• City of Lemoore’s 3 MW City of Lemoore solar project in Kings County, CA is online. Kearsarge Barre 1 LLC’s 2 MW Kearsarge Barre 1 solar project in Worcester County, MA is online.
  • Prairie Breeze Wind Energy LLC’s 201 MW Prairie Breeze Wind Energy Farm in Antelope, Boone, and Madison Counties, NE is online. The power generated is sold to Omaha Public Power District under long-term contract.
  • Huerfano River Wind LLC’s 2 MW Huerfano River Wind Phase 2 expansion project in Huerfano County, CO is online. The power generated is sold to San Isabel Electric Association Inc. under long-term contract.
  • Green Power Electric Membership Corp’s 4.8 MW Pecan Row Landfill Energy project in Lowndes County, GA is online. The power generated will serve Green Power’s membership.

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About the Author

is the editor of the ECOreport (www.theecoreport.com), a website dedicated to exploring how our lifestyle choices and technologies affect the West Coast of North America and writes for both Clean Techncia and PlanetSave. He is a research junkie who has written hundreds of articles since he was first published in 1982. Roy lives on Cortes Island, BC, Canada.



  • Poechewe

    I’m glad to see positive numbers. But, to put things in perspective, China installed 12 gigawatts last year and is on track to install 14 this year and is on track to add much more in the next two years.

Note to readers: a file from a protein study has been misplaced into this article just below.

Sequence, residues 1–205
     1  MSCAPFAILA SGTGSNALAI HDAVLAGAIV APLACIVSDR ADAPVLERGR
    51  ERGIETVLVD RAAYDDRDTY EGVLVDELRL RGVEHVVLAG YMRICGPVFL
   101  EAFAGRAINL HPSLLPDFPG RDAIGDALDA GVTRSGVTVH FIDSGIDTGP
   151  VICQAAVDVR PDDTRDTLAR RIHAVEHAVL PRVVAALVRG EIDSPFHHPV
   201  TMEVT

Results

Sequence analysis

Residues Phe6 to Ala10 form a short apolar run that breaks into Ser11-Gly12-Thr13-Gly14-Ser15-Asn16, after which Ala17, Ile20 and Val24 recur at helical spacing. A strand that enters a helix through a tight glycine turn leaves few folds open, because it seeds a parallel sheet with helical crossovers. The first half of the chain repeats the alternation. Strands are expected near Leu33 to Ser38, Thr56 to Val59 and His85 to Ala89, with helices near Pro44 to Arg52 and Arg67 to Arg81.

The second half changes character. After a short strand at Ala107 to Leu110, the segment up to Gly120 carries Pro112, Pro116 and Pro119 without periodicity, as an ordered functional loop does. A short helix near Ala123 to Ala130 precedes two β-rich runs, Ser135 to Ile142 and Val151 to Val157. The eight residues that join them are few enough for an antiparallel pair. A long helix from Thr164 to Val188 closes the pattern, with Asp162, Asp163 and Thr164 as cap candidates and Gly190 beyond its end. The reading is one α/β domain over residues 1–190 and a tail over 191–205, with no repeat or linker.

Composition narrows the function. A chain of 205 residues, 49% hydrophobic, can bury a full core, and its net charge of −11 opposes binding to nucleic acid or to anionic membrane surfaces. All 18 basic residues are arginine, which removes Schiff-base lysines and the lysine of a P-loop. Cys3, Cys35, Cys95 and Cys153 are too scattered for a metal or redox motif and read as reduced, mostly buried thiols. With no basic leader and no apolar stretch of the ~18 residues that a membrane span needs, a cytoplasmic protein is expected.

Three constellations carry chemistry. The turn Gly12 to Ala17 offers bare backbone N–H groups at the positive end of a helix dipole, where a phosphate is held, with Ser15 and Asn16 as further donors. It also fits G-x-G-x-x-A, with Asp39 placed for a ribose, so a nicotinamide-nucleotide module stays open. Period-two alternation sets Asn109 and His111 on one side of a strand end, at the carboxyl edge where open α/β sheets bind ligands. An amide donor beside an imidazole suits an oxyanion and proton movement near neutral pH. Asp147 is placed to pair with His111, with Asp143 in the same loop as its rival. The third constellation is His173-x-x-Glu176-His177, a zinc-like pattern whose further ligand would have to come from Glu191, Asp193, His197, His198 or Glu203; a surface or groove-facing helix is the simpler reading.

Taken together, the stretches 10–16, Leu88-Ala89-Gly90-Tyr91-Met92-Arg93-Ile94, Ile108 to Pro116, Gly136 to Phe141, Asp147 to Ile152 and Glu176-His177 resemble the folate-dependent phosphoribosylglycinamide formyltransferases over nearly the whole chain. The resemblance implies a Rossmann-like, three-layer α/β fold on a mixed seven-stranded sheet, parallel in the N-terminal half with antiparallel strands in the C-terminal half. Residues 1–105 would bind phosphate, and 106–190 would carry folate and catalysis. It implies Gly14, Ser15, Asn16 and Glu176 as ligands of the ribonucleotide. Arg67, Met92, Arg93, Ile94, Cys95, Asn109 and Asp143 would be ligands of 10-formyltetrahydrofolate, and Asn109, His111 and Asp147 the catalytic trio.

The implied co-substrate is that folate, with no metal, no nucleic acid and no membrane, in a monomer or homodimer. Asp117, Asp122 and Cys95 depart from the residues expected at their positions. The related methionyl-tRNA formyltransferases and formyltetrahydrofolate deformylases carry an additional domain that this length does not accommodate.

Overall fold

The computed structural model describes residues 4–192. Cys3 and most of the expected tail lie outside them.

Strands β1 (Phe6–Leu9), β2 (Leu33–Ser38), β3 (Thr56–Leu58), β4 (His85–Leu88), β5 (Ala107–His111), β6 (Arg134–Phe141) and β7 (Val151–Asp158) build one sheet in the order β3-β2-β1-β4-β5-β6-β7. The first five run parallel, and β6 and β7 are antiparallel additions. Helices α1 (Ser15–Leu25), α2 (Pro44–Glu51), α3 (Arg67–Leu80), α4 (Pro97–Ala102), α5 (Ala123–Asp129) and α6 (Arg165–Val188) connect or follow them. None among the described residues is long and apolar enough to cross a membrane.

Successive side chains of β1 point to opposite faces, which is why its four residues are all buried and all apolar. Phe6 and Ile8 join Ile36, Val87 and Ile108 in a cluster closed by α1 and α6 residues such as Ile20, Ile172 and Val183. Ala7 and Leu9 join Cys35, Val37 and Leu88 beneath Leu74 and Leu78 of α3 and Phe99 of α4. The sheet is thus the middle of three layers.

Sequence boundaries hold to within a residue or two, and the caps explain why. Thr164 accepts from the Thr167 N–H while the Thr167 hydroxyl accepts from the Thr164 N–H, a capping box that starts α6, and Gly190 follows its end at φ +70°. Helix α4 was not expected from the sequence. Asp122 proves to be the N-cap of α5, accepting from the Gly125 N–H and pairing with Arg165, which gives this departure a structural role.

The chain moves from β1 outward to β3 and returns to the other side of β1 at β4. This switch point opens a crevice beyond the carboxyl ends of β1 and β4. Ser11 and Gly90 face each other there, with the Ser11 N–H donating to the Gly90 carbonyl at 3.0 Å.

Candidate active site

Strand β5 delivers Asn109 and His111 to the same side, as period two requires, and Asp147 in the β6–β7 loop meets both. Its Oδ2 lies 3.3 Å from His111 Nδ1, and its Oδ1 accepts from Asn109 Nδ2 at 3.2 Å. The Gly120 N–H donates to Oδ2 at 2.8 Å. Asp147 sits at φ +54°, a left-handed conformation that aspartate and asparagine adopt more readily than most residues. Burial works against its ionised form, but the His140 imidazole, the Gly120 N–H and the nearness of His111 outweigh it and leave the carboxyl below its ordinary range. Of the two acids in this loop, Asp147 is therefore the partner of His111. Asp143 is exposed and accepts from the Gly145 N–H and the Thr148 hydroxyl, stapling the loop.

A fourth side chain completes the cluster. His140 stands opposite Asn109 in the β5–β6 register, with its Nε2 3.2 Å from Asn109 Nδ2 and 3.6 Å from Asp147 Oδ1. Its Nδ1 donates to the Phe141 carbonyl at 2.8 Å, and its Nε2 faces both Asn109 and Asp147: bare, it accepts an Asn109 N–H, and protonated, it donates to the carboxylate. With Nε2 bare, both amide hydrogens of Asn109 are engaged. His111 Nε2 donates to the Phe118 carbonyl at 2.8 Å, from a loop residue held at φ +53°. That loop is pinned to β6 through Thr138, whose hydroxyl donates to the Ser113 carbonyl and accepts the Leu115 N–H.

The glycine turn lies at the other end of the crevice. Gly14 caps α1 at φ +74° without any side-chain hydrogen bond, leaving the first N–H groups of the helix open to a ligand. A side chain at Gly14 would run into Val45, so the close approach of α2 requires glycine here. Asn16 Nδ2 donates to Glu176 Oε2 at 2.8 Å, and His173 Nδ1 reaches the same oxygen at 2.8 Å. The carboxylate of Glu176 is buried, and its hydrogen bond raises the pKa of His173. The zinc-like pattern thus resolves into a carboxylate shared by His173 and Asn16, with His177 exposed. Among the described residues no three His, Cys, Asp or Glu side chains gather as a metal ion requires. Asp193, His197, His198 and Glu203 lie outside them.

It’s time for the U.S. to pick up the pace.

    • Richard Nixon

      China has over 1.3 billion people to cover and uses a lot more energy than the US due to its shoddy factories and infrastructure. Their pollution rate is still increasing excessively. And their energy sector still isn’t even close to having a majority of renewable resources being used. China isn’t an example to follow.

  • spec9

    It would be interesting to see what the statistics would be with rooftop solar PV added in. I believe it is growing very VERY fast.

    • RobS

      Even better than the numbers with rooftop coal added in ?

  • Bastiat

    That chart is inaccurate. It comes from the FERC (http://www.ferc.gov/legal/staff-reports/2014/may-infrastructure.pdf).

    There has been a 1 coal installation for 925 MW.

    We are winning this battle. No need to LIE and make the numbers look better.